Days after Delta Air Lines announced it would strip discounted fares for National Rifle Association members, Georgia’s lieutenant governor has retaliated, by vowing to kill legislation that would hand the airline a lucrative tax break.

Lt. Gov. Casey Cagle, a Republican who leads the State Senate, demanded Delta – one of Georgia’s largest employers – make a choice: Stop boycotting the NRA, or watch lawmakers strike down a $50 million sales tax exemption on jet fuel, of which Delta would be the primary beneficiary.

“Corporations cannot attack conservatives and expect us not to fight back,” said Cagle, who could weave the issue into his campaign in Georgia’s upcoming gubernatorial race.

Delta joined United Airlines, Best Western, MetLife and at least a dozen other companies in eliminating discounts and perks for NRA members amid the national gun-control debate spurred by the shooting at Marjory Stoneman Douglas High School in Parkland, Florida, earlier this month. Advocates of the #BoycottNRA movement are now determined to bring on tech giants like Apple, Google, Roku and Amazon (whose founder, Jeff Bezos, owns the The Washington Post) that stream NRA-produced videos.

Delta at first resisted taking a stance as other companies with the slightest affiliation to the NRA were called out, and a list of companies who cut ties with the NRA began circulating on Twitter.

As The Washington Post reported earlier:

“Delta Air Lines held out against the pressure – for a few hours. A spokesman at first defended Delta’s flight discounts to the NRA’s annual convention in Dallas in May as ‘routine’ for large groups. The airline ‘has more than 2,000 such contracts in place,’ a spokesman told the liberal outlet ThinkProgress on Friday night.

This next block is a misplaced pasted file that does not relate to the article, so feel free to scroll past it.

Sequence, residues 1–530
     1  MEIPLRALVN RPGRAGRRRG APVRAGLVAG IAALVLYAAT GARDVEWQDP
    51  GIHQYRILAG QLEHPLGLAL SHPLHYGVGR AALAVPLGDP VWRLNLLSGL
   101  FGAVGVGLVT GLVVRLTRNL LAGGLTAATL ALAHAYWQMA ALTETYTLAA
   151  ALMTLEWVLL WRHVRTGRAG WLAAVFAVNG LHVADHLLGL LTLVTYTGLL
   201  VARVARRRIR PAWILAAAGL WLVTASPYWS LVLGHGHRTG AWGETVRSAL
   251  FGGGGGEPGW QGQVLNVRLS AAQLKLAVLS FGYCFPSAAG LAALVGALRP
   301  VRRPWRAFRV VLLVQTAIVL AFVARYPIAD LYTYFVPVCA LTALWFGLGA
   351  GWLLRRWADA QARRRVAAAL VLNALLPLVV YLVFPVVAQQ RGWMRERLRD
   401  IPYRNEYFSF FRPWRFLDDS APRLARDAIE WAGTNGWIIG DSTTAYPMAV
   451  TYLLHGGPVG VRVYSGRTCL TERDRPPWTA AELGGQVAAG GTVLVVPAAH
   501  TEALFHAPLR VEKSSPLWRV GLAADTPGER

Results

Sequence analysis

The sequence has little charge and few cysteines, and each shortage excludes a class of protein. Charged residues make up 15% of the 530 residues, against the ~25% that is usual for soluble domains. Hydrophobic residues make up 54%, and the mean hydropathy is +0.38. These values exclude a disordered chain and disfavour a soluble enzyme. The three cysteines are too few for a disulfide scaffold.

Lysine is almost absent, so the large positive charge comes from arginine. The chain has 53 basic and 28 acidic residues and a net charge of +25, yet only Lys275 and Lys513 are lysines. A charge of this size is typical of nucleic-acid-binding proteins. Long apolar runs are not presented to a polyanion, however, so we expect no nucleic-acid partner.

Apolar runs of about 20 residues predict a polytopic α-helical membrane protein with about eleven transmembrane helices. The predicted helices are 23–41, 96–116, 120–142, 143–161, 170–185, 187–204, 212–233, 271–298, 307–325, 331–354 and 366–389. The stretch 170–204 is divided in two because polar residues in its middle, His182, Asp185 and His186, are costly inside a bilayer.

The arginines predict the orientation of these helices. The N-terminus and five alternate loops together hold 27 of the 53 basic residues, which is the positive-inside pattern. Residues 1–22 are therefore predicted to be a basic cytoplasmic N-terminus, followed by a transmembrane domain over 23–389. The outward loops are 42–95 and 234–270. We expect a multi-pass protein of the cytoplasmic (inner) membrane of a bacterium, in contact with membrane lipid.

“Come Saturday morning, Delta abruptly discontinued the discounts and asked the NRA to remove the information about the perk from the convention website. United Airlines released a nearly identical statement two hours later.”

Although Delta ended its alliance with the NRA, the company said its position on the gun-control debate remains “neutral.”

“Out of respect for our customers and employees on both sides, Delta has taken this action to refrain from entering this debate and focus on its business. Delta continues to support the 2nd Amendment,” the airline said in a statement.

The NRA in a statement Saturday afternoon said the companies who dropped their discounts were participating in “a shameful display of political and civic cowardice,” but also downplayed the importance of their actions.

“Let it be absolutely clear,” the NRA’s statement said. “The loss of a discount will neither scare nor distract one single NRA member from our mission to stand and defend the individual freedoms that have always made America the greatest nation in the world.”

Other Georgia Republicans have joined Cagle in threatening to fight the bill, which was easily approved in the House Thursday and now sits in the Senate. Until Saturday, it seemed to have wide support, as advocates say it would attract flights to Atlanta as opposed to other major airports, where jet fuel taxes aren’t charged.

State Sen. Rick Jaffares, a Republican, said he would lead the charge to kill the bill “to let Delta know their attack on the NRA and our 2nd Amendment is unacceptable.”

During an earnings call last month, Delta officials said the Tax Cuts and Jobs Act of 2017 allowed the company to take a one-time charge of $150 million in the fourth quarter because of the new inclusion of foreign earnings and the reevaluation of deferred tax assets. In 2018, the company expects a reduced corporate tax rate will result in an all-in book tax rate of 22 to 24 percent.

But the company expects to pay taxes in 2019 and 2020 – which is when Georgia’s proposed tax bill would be especially beneficial, particularly in helping fund pensions, Delta officials said.